Toobes doesn’t quite possess the pace to break stumps, but he wanted to get in on the breaking game. So with this thought in mind while stood at third slip, he took the decision to launch himself at Asad stood at second slip. A ball flew towards Asad (the ball was above Asad’s head) so Toobes thought he was well within his rights to launch himself at his team-mate and smash him in the face. With Asad on the deck and Toobes peering quizically down at him, the ball dropped to the ground and to rub salt into wounds, a run was taken.

So yes, it is now the 10th straight season that Toobes has injured a team-mate on the field of play.

Back to the action and the Pelicans continued to chip away, with Adam and James Walters helping themselves to wickets. But they were eclipsed by Rags who tightened his grip on the bowling award with another three wickets as the Pelicans raced to a 170-run victory.

Reports are intended to convey an entertaining picture of the day’s play. No disrespect is meant, but if on occasion we misjudge matters, please take it in the friendly and humorous spirit in which it is intended.

Sunday August 28th vs Bledlow Ridge


Reports are intended to convey an entertaining picture of the day’s play. No disrespect is meant, but if on occasion we misjudge matters, please take it in the friendly and humorous spirit in which it is intended.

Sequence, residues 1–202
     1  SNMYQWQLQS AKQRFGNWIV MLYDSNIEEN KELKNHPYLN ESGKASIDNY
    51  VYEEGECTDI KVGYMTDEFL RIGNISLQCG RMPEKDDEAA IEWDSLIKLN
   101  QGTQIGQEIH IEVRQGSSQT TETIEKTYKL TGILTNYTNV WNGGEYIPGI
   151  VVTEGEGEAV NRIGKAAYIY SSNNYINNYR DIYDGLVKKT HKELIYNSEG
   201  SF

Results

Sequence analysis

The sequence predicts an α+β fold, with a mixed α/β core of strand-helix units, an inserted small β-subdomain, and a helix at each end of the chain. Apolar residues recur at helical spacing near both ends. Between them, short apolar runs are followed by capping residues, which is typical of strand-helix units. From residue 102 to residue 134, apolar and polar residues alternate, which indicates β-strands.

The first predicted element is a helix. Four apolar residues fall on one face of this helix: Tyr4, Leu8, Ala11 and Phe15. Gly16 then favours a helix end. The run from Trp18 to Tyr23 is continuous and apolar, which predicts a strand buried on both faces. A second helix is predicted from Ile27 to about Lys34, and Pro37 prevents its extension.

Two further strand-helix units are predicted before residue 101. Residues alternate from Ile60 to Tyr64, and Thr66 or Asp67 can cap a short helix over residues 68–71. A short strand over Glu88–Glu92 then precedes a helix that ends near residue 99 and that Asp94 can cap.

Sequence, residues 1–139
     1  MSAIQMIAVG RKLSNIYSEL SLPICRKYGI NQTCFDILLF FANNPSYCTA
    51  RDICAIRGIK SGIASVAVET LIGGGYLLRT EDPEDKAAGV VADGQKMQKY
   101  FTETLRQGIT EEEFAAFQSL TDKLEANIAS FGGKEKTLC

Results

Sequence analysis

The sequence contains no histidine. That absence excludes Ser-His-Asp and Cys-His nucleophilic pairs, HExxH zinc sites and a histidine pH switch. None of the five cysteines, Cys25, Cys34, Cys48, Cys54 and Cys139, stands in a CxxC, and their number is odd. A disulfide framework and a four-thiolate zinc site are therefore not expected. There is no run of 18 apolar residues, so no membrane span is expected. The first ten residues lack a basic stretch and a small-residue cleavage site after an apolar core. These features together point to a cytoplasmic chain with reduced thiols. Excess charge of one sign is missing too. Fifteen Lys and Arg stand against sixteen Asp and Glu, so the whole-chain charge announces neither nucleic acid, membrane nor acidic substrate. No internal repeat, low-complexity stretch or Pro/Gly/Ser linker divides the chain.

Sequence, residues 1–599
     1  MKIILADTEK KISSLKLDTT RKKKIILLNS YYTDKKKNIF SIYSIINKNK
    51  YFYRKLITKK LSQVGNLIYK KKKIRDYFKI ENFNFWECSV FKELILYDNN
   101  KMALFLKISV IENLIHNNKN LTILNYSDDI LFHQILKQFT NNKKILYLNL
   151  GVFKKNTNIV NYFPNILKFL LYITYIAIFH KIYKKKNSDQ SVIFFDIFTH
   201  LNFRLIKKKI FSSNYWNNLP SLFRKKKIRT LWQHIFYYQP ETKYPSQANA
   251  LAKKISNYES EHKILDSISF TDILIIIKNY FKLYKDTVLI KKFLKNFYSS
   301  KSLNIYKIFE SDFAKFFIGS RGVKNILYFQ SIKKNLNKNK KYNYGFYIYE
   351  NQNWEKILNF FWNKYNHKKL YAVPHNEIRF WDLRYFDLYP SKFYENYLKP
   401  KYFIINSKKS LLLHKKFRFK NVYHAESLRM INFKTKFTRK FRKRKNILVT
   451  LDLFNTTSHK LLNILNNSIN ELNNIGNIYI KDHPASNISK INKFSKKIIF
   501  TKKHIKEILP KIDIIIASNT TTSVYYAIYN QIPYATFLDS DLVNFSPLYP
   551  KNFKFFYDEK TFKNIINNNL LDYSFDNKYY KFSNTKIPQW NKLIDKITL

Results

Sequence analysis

No Match Report

Sunday August 21st vs Widmer End

Widmer End 124 all out (Raghu Kankate 4-17)   Great Missenden Pelicans 112 for 7 (Josh Bailey 41*, Alex Livie 40*)


Man of the Match: Rags

The Pelicans survived a truly epic batting collapse to get to the brink of an unlikely victory when rain intervened to force a draw with Widmer End.

A deluge of rain on top of a rock-hard pitch made for a jazzy surface. The Skipper had no hesitation in asking Widmer End to have first hit and it proved to be a sensible decision.

There were rumours sweeping through the corridors of Dusnmore that Toobes did not have a three-week holiday in France. Instead, he had embarked on an intense gym regime. The sight of the ball flying past batsmen’s noses from the arm of our Northern powerhouse only served to reinforce this thinking.

Widmer End have two very good batsmen and both were undone by some extra bounce. The second ball to the opener from Josh flew off a length, took a chunk of glove and was pouched by Tony behind the stumps. The batsman elected to walk, which was a generous decision as VDP, decked out in his umpire’s coat and pair of luminous trainers, had the look of a man who was not planning on raising his finger.

With Toobes emboldened by the sight of a bouncy pitch, he put away the full tosses and did in fact use the surface to his advantage.

A bit of extra bounce (I think you can see a pattern emerging here) did for Widmer’s second good batsman. Shaping to play some sort of drive through cover, the ball climbed and drew a false stroke. Leaping like an ageing salmon on his final swim up the river, Toobes got a hand on the ball and mopped it up at the second attempt.

Wickets fell at regular intervals, with only the tumble of stumps broken up by some typically Pelican fielding. Josh has his eye on 20 catches. He’ll need to make a better fist of it in the final few games of the season if he’s to get there, after dropping a sitter at midwicket. And he has Toobes on his tail after he took a cracker at deep mid wicket.